This eagerly awaited fourth and final book in the Protector of the Small series will not disappoint Pierce's many fans. Keladry of Mindelan is one of two lady knights in all the kingdom of Tortall. Tortall and its neighbor Scanra are engaged in military conflict, and Kel joins Tortall's armies near the shared border. Upon arriving, Kel does not receive a battle assignment as she had hoped, but the command of a refugee camp instead, a task not to her liking. Nevertheless, with Scanra's phantom killing machines on the rampage, Kel discovers her talents for compassion and diplomacy are needed to safeguard the war's victims. In a wrenching conclusion, Kel must choose between the army and her refugees, when a Scanran mage kidnaps refugee children and Kel's superiors order her to abandon the refugees to a murderous enchantment. Disobeying orders, Kel attempts a perilous rescue whose outcome brings the series to a well-paced conclusion. Unrelentingly realistic in its depiction of the horrors of war, this novel draws the reader into a complete and believable fantasy world. Pierce provides exquisite details of the weaponry, topography, and culture of her world, and her control of a voluminous cast of characters is masterful. Readers will be gratified by Pierce's ability to develop Kel's maturing personality, as well as those of characters from previous novels. Hand this chunky novel to your resident Pierce readers and watch them devour it gleefully. Every teen collection should stock this title. VOYA CODES: 5Q 5P M J S (Hard to imagine it being any better written; Every YA (who reads) was dying to read it yesterday; Middle School, defined as grades 6 to 8; Junior High, defined as grades 7 to 9;Senior High, defined as grades 10 to 12). 2002, Random House, 448p,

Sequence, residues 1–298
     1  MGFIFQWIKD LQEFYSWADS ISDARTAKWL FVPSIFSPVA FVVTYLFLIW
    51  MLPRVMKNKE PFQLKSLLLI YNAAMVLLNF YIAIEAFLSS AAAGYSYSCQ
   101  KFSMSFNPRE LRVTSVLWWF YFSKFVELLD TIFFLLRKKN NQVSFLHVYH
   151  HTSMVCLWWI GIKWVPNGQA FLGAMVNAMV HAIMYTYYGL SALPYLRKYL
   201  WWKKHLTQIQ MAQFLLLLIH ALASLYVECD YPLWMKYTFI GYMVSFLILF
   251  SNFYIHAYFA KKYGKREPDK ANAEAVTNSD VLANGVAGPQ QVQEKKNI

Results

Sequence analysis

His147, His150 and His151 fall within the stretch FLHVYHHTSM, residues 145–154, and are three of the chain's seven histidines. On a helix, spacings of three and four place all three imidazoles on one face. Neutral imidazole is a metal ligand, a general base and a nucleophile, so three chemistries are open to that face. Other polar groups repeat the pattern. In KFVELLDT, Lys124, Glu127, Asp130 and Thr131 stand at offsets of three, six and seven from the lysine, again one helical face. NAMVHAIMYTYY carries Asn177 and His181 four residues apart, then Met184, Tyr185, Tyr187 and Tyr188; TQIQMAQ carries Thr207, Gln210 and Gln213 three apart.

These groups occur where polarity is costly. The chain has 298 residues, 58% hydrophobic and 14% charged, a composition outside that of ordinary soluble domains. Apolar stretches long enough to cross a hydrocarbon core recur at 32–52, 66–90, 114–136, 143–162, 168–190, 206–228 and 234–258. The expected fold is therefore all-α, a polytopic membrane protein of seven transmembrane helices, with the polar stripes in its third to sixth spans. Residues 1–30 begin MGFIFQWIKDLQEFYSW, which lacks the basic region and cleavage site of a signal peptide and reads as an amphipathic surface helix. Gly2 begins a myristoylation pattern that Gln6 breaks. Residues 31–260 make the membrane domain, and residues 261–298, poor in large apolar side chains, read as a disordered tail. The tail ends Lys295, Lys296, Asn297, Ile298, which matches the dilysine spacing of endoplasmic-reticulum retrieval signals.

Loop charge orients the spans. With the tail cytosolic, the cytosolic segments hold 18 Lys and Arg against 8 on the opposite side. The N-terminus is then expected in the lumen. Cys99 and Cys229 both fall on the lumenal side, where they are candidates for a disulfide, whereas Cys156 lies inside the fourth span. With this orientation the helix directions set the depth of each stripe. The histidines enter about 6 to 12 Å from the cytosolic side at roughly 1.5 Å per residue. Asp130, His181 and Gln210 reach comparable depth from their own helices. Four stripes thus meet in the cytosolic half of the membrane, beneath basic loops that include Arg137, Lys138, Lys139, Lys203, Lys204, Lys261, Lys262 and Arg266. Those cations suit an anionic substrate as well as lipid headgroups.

To quote from the review of the hardcover in KLIATT, November 2002: In this last book of the series, set in the medieval fantasy land of Tortall, 18-year-old Kel has finally achieved her dream of becoming a knight. She is only the second woman to attain this status, and when she is kept from battle and placed in charge of a refugee camp she is angry at first. But then the camp is brutally attacked by magical machines, and action is called for. Meanwhile, Kel has had a vision of a man who has created these awful machines-powered by children's souls-and she knows it is her destiny to stop him. Kel can communicate with animals, which often comes in handy, but her bravery, brains, and skill as a commander are even more important than her magical skills. This is a wonderful series, filled with action and adventure while tracking the growth of Kel as she struggles through her knighthood training. In this final novel, readers will see parallels with the events of 9/11, as Pierce points out in her notes and acknowledgments at the end. (There is also a list of the cast of characters and a glossary.) It's satisfying to see Kel growing into her new role as knight and succeeding in her destiny as Protector of the Small, saving the children and animals she loves and finally defeating a nasty enemy. (Protector of the Small, Book 4). KLIATT Codes: JS*-Exceptional book, recommended for junior and senior high school students. 2002, Random House, 431p., Ages 12 to 18.